Does the language of diabetes matter? – by Helen May

I am intrigued by the way we all express ourselves slightly differently. A bouncy friend of mine seems to have a negative vocabulary: she described a wedding as “ruined” because it rained. I work with some American colleagues who are always very upbeat compared to the Brits: they would describe something as “awesome” whereas we would describe it as “not bad”. If someone else wrote half my blog, you would probably notice.

The language of diabetes

So, I was intrigued when I saw a report about the Language of Diabetes. It gives some great examples of positive language around diabetes:

  • It suggests we should describe someone as “a person with diabetes” rather than a diabetic because it avoids labelling someone as a disease.
  • It explains that “manage” is better to use than “control” because full control of diabetes is difficult to achieve so we should focus on something positive.
  • It talks about replacing “prevention” with “reducing the risk” because there is no guarantee a complication of diabetes can be avoided.
  • It recommends talking about ‘making a choice” rather than “cheating” when we divert from our planned diabetes management because it is a stronger language.

Does it matter?

If I was having a hypo, I don’t care what I am called as long as I have some dextrose. If I feel a consultant is complaining that I am having too many hypos, I don’t think I’d notice if I was told I need to “control” or “manage” my diabetes better. So does the language used matter?

I am an engineer so I would expect to receive accurate advice. So to be told that a stable blood glucose will prevent any complications is wrong and I would prefer to be more honestly told that the risks will be reduced. I know this from my own research so, if I was to remove my pedantic detector, it probably doesn’t matter what I am told: I understand what is meant.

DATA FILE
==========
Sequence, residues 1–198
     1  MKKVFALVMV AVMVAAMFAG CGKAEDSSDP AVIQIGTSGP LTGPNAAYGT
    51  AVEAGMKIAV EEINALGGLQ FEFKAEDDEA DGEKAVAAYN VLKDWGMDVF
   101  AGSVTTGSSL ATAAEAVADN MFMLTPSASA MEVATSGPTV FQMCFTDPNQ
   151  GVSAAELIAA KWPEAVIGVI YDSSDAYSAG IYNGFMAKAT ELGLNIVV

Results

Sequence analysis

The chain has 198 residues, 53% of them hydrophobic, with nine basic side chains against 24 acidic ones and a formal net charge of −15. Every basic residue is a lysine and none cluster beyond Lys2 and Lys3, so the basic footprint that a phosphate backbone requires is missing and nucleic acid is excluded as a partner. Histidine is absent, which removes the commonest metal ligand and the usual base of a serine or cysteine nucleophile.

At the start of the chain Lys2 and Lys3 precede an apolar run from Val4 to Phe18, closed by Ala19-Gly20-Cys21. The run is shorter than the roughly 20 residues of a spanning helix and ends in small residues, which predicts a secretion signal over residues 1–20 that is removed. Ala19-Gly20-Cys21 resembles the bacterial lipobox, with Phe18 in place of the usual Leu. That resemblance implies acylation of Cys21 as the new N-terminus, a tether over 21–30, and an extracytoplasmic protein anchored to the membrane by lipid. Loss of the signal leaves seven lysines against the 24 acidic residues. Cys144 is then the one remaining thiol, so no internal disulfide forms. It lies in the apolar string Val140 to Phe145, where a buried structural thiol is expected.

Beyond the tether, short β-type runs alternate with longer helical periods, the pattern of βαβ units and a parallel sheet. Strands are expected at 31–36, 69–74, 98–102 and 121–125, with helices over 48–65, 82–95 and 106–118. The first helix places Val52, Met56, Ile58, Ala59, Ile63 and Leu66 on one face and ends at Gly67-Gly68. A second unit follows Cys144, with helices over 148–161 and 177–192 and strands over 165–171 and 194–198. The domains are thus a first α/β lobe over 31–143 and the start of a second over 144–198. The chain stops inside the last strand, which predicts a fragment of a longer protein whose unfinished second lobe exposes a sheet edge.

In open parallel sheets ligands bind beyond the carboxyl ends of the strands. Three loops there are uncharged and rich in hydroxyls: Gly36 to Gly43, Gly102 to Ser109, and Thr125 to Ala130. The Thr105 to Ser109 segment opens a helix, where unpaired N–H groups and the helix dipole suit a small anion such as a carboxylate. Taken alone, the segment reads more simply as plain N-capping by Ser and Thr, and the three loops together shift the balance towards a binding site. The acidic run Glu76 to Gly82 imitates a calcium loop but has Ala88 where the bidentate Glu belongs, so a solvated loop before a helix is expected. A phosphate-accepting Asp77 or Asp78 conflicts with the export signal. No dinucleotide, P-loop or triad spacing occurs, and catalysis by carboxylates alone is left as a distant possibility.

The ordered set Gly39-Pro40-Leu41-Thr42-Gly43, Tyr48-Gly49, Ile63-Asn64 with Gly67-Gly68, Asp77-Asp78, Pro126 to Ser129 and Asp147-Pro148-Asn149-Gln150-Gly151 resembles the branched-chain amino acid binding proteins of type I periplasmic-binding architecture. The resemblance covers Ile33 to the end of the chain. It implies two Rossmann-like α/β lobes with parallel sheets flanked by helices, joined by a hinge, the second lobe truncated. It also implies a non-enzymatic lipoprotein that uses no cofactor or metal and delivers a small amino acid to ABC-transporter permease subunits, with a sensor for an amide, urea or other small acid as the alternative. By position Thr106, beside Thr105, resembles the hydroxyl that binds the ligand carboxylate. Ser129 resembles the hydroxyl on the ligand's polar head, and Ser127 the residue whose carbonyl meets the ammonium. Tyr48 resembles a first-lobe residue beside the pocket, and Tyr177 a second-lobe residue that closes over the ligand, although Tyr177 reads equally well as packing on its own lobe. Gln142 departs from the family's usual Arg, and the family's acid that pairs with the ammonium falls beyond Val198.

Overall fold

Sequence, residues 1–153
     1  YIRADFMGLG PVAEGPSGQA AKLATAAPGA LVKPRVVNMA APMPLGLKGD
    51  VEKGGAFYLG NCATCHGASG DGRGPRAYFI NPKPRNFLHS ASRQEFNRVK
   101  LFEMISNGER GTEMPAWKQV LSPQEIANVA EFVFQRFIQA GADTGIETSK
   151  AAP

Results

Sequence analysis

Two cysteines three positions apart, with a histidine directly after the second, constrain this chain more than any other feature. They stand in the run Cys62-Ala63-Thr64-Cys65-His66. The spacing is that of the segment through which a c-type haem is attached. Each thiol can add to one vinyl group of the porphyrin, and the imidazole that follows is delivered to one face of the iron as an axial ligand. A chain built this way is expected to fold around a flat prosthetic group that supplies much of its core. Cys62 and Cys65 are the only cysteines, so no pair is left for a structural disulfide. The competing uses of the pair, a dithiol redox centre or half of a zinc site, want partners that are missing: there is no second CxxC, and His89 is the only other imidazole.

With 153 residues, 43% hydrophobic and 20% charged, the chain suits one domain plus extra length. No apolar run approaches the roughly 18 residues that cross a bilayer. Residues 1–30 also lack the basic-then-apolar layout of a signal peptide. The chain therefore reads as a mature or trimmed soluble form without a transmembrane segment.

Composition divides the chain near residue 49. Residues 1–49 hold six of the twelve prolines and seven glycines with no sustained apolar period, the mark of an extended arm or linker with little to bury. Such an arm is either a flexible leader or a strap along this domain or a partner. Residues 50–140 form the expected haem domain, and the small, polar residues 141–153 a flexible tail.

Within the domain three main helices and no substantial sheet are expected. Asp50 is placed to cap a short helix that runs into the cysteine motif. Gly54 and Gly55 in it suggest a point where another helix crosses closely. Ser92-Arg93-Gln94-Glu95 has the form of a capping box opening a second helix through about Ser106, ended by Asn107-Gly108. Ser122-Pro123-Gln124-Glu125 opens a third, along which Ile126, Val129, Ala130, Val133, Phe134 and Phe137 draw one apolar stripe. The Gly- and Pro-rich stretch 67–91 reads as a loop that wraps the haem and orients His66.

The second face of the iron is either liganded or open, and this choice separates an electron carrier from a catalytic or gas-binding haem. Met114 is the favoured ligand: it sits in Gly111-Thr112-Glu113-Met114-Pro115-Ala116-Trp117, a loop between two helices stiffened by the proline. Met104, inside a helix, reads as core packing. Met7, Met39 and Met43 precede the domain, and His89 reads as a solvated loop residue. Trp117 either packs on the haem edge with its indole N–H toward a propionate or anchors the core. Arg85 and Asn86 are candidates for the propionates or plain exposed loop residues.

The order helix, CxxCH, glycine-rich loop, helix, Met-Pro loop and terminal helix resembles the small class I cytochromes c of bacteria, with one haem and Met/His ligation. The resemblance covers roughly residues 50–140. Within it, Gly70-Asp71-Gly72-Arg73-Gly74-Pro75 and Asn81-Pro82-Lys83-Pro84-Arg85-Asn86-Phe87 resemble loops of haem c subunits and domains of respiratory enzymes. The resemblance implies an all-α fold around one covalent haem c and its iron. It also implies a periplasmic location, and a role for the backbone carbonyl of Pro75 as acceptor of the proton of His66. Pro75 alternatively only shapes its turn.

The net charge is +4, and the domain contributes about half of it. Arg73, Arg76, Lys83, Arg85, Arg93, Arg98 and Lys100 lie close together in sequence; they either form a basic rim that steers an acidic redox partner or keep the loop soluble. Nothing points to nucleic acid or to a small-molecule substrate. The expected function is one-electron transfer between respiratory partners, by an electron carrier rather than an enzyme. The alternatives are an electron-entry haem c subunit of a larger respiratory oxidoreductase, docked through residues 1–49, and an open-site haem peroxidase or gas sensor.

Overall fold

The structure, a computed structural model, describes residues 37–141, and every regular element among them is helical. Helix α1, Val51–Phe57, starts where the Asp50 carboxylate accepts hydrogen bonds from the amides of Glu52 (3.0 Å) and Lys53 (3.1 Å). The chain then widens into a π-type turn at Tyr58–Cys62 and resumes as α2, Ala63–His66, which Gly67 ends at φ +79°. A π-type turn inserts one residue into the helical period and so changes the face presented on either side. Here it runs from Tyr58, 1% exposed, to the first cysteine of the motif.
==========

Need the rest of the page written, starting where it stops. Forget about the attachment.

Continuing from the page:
It depends

Being a female engineer, I am sometimes treated different from my male colleagues when the focus is put on being female. In the context of work, I am first and foremost an engineer. When I am buying new clothes, I am first and foremost a woman.

Is it the same with diabetes? When I go to my annual diabetes review, I am there as someone with diabetes: a diabetic: but, when I am in a restaurant, my diabetes should make no difference.

Being aware

I try to be sensitive with what language I use when I discuss diabetes. I try to use the term “people with diabetes” even though it is a bit of a mouthful; I consider myself “living” with diabetes rather than “coping” with it; and I “have” diabetes” rather than “suffer” from it. Some may think I am too sensitive: they hear and read what they want and need: but others may consider my language too flippant when I write about “cheating” and taking my pump off while swimming.

Hopefully, awareness stops me offending people. But should we have a set of guidelines on the language we should and shouldn’t use around diabetes? Or is awareness enough?


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